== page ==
Our products eliminate acid whey by-product, Arla claims
Arla Foods Ingredients has responded to the ‘acid whey’ controversy, claiming its processes do not produce the by-product.
“The controversy currently raging over the generation of ‘acid whey’ in Greek yoghurt production - and the impact it can have on the environment - highlights that the inefficiency of traditional Greek yoghurt-making techniques is unsustainable both from an ecological and a commercial point of view,” said Torben Jensen, Application Manager at Arla Foods Ingredients.
Jensen said Arla’s Nutrilac protein solution, combined with its ‘Quick’ process, addresses the issue of acid whey by-product by enabling yoghurt manufacturers to produce Greek and Greek-style yoghurt on their existing plant using close to 100% of the milk used in the manufacturing process. The ‘Quick’ process eliminates the need for whey separation, which is usually part of traditional Greek yoghurt making.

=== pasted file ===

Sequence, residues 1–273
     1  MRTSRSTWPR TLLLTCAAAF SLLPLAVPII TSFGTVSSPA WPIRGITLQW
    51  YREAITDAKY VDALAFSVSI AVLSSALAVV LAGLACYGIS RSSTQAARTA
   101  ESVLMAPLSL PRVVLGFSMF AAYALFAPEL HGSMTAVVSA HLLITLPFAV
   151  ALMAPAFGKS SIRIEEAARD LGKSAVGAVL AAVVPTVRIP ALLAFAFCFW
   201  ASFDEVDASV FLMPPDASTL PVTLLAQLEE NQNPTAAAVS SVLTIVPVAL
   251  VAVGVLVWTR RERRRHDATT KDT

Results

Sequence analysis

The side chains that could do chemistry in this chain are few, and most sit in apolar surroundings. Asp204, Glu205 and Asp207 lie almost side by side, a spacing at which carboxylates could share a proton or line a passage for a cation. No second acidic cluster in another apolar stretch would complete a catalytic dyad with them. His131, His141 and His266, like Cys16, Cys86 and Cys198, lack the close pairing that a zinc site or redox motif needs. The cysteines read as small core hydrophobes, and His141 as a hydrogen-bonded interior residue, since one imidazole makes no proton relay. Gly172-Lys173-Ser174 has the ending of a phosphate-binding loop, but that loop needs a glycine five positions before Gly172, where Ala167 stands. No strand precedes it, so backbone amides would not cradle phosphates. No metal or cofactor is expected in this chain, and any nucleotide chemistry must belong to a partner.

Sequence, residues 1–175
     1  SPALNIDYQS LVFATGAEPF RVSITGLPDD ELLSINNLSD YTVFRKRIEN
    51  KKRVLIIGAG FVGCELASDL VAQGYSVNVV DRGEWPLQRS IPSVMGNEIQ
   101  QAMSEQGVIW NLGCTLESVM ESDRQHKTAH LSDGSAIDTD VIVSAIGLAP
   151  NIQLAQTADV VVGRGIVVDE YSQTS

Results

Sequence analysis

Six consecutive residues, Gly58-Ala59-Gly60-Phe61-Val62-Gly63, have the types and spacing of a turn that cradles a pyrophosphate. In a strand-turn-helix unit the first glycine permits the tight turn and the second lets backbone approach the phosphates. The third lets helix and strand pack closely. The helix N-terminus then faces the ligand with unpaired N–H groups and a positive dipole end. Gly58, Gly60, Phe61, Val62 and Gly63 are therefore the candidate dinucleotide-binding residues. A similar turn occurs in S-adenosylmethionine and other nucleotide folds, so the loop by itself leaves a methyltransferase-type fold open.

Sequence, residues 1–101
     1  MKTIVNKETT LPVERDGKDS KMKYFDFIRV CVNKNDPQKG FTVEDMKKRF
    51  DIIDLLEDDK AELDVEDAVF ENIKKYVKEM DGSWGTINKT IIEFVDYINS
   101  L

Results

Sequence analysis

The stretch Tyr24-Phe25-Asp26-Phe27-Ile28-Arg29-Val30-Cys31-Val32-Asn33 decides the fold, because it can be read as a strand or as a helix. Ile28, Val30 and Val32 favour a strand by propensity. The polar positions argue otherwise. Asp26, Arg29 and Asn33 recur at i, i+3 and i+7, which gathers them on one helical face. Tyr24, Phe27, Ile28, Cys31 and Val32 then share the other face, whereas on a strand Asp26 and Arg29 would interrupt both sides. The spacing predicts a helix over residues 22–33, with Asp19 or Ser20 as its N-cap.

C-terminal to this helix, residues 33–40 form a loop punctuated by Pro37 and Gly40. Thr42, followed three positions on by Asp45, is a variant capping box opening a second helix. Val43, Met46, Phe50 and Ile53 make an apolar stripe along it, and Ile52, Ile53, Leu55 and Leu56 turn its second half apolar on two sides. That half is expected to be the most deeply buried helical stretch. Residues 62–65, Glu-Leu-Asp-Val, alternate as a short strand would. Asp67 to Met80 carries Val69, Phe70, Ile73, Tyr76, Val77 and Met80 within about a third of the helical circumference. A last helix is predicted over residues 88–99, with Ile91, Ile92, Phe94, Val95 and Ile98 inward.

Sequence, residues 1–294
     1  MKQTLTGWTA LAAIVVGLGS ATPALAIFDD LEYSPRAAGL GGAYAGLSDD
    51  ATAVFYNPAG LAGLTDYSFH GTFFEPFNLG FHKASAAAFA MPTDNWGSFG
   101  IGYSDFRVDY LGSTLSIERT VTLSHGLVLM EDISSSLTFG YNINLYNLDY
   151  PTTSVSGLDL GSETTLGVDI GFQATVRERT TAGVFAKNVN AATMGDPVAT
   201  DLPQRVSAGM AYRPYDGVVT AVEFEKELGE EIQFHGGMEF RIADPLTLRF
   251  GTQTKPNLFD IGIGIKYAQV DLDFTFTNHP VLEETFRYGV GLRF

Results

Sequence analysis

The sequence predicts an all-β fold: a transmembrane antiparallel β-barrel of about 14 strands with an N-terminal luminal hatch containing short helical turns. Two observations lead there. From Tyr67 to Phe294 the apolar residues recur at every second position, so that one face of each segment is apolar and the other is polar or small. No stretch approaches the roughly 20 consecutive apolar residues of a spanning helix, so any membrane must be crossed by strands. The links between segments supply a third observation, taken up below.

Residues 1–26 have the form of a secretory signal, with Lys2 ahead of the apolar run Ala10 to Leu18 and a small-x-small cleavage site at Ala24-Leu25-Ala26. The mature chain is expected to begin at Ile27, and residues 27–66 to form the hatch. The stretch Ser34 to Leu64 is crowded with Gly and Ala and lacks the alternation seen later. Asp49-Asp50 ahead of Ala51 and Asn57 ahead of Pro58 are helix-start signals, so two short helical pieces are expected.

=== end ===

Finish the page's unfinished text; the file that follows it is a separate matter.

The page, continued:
The company claims these products and processes do not affect quality or taste.
The ‘acid whey’ controversy was sparked by an article on the site modernfarmer.com which claimed that “whey decomposition is toxic to the natural environment, robbing oxygen from streams and rivers” and killing aquatic life.
According to the article, scientists are frantically trying to find uses for the by-product in the wake of dramatically increased demand for Greek yoghurt. One possibility is using it as an infant formula ingredient; however, more research needs to be conducted to determine whether this is feasible.
Similarly, extracting the lactose is another possibility. Edible-grade lactose extracted from whey can be used in icing and as a browning agent in bread. Some farmers have had success converting lactose into methane and using it to generate electricity.
“If we can figure out how to handle acid whey, we’ll become a hero,” a producer was quoted as saying on the modernfarmer.com website.
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